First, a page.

Thermodynamics

Chemistry "Thermodynamics" submission

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Thermodynamics

2. Laws of Thermodynamics

2.1. First Law of Thermodynamics

2.1.1. The first law of thermodynamics, also known as Law of Conservation of Energy, states that energy can neither be created nor destroyed; energy can only be transferred or changed from one form to another.

2.1.1.1. This law says that there are two kinds of processes, heat and work, that can lead to a change in the internal energy of a system. Since both heat and work can be measured and quantified, this is the same as saying that any change in the energy of a system must result in a corresponding change in the energy of the surroundings outside the system.

2.1.1.1.1. In other words, energy cannot be created or destroyed. If heat flows into a system or the surroundings do work on it, the internal energy increases and the sign of q and w are positive. Conversely, heat flow out of the system or work done by the system (on the surroundings) will be at the expense of the internal energy, and q and w will therefore be negative.

2.1.1.2. ΔU=q+w

2.2. Second Law of Thermodynamics

2.2.1. The second law of thermodynamics says that the entropy of any isolated system always increases.

2.2.1.1. Isolated systems spontaneously evolve towards thermal equilibrium—the state of maximum entropy of the system. More simply put: the entropy of the universe (the ultimate isolated system) only increases and never decreases.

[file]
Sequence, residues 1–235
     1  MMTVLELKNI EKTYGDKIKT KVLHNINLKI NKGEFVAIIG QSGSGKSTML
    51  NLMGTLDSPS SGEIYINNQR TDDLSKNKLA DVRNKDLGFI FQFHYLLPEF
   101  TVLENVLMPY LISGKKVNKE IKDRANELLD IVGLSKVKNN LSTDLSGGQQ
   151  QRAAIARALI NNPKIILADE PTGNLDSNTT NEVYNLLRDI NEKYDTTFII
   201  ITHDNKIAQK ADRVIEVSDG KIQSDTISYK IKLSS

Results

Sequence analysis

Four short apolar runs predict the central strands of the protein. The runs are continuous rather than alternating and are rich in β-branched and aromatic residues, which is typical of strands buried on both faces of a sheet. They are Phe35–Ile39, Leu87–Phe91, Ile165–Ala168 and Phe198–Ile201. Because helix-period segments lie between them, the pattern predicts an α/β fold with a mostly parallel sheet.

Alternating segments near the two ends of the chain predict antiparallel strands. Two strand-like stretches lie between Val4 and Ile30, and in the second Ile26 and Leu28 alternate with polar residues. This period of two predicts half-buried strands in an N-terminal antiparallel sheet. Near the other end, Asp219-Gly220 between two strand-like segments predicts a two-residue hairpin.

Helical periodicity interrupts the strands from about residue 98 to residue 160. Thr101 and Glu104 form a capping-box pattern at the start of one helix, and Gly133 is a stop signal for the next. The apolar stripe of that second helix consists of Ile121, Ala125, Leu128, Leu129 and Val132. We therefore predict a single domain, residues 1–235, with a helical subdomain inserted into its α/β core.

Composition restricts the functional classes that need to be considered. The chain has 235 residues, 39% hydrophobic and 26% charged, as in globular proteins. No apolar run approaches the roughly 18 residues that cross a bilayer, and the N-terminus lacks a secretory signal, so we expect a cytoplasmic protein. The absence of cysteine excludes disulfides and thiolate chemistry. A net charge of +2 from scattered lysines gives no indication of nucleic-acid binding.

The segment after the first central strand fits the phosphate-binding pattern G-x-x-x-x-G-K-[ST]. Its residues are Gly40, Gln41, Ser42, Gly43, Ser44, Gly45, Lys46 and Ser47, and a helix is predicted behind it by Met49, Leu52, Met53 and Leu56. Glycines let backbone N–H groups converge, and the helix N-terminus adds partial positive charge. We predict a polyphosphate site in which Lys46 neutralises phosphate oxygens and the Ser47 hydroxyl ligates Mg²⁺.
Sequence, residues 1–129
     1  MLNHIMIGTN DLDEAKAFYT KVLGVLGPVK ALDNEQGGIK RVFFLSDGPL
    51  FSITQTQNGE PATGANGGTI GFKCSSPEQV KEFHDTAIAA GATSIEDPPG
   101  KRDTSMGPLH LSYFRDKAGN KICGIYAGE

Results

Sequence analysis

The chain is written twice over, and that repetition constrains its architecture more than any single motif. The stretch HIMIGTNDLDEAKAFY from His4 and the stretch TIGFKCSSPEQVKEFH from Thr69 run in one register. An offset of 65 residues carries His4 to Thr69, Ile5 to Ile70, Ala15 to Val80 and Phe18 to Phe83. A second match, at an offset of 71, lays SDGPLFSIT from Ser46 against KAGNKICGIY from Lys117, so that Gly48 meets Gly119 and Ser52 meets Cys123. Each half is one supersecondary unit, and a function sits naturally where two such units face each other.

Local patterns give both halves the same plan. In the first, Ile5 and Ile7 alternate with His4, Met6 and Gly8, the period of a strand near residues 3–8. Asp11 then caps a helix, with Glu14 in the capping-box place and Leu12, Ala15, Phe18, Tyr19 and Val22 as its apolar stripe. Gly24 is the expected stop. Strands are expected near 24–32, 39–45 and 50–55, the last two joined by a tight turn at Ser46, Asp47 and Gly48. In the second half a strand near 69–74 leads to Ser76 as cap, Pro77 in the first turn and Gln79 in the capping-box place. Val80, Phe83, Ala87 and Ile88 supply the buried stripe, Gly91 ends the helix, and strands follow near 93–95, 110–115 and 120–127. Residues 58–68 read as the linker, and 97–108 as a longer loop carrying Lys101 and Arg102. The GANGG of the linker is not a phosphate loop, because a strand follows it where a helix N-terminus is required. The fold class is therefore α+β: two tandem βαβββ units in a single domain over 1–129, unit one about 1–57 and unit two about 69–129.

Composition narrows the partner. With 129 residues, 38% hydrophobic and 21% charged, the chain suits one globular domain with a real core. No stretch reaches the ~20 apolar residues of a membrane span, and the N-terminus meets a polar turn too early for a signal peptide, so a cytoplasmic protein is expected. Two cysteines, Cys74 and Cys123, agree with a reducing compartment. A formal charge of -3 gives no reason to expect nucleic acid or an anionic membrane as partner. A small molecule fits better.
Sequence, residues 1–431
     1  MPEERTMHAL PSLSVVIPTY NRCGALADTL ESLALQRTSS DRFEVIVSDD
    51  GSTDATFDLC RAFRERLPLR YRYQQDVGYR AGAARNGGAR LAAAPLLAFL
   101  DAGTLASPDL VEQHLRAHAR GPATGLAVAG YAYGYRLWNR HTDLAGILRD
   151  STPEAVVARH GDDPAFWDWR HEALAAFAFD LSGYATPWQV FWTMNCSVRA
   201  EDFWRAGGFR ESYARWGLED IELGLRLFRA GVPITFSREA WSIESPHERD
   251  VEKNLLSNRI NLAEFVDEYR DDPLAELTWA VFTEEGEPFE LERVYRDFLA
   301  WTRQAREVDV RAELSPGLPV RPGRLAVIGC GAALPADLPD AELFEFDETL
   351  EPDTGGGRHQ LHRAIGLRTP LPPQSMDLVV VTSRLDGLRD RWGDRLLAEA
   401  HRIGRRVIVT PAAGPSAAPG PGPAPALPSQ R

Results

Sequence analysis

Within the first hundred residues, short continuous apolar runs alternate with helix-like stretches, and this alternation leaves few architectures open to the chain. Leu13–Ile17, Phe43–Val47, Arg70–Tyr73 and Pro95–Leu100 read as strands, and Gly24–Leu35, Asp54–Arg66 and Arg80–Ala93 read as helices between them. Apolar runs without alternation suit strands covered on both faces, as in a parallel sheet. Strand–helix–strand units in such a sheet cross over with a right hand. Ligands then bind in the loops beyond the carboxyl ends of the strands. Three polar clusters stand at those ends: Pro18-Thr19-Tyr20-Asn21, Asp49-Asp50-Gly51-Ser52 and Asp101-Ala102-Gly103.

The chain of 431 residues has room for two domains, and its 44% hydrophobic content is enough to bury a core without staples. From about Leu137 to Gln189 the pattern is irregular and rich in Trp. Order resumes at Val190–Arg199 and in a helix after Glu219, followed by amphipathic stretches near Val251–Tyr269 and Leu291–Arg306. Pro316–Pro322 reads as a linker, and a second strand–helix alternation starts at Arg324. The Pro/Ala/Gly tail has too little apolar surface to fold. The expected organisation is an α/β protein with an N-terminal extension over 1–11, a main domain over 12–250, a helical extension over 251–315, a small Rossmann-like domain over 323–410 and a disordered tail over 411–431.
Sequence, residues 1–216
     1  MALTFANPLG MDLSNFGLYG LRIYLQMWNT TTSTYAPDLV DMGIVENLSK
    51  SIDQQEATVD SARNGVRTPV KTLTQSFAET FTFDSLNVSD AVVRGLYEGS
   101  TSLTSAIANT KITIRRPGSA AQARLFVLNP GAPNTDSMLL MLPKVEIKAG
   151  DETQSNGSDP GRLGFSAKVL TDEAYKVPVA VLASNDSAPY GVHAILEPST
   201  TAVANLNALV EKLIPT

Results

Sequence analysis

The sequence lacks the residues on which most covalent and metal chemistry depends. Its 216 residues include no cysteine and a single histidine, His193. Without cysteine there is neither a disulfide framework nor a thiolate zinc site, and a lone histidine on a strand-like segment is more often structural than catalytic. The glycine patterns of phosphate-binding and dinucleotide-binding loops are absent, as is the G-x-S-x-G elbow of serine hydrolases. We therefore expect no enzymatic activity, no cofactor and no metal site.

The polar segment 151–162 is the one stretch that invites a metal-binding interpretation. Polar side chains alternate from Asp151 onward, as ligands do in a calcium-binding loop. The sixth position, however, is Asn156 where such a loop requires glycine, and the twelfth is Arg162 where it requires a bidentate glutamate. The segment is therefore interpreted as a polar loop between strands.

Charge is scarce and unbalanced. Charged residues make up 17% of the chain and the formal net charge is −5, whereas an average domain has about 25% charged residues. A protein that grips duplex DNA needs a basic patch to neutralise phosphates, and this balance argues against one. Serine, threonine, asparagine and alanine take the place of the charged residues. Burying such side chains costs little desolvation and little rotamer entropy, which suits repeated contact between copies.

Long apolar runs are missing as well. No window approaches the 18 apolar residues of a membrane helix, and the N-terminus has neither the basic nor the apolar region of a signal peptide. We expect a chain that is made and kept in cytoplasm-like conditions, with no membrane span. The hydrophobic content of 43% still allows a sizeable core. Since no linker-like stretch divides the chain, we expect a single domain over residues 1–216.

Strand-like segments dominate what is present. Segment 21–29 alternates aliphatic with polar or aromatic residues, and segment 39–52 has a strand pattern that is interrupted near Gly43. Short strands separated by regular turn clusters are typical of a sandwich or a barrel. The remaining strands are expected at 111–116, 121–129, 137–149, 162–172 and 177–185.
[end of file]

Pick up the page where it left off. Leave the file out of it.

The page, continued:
2.2.1.1.1. Example: a room, if not cleaned and tidied, will invariably become more messy and disorderly with time – regardless of how careful one is to keep it clean. When the room is cleaned, its entropy decreases, but the effort to clean it has resulted in an increase in entropy outside the room that exceeds the entropy lost.

2.2.1.2. ΔSuniv=ΔSsys+ΔSsurr≥0

2.2.1.3. Second Law of Thermodynamics

2.3. Third Law of Thermodynamics

2.3.1. The third law of thermodynamics states that the entropy of a system approaches a constant value as the temperature approaches absolute zero.

2.3.1.1. The entropy of a system at absolute zero is typically zero, and in all cases is determined only by the number of different ground states it has

2.3.1.1.1. Specifically, the entropy of a pure crystalline substance (perfect order) at absolute zero temperature is zero. This statement holds true if the perfect crystal has only one state with minimum energy.

2.3.1.2. Third Law of Thermodynamics

5. Enthalpy, Free Energy and Entropy

5.1. Gibbs free energy is the energy associated with a chemical reaction that can do useful work. It equals the enthalpy minus the product of the temperature and entropy of the system.

5.1.1. At constant temperature ΔG = ΔH – TΔS

5.1.1.1. ΔG predicts the direction of a chemical reaction. If ΔG is negative, then the reaction is spontaneous. If ΔG is positive, then the reaction is non-spontaneous.

7. Gibbs Free Energy

7.1. Definition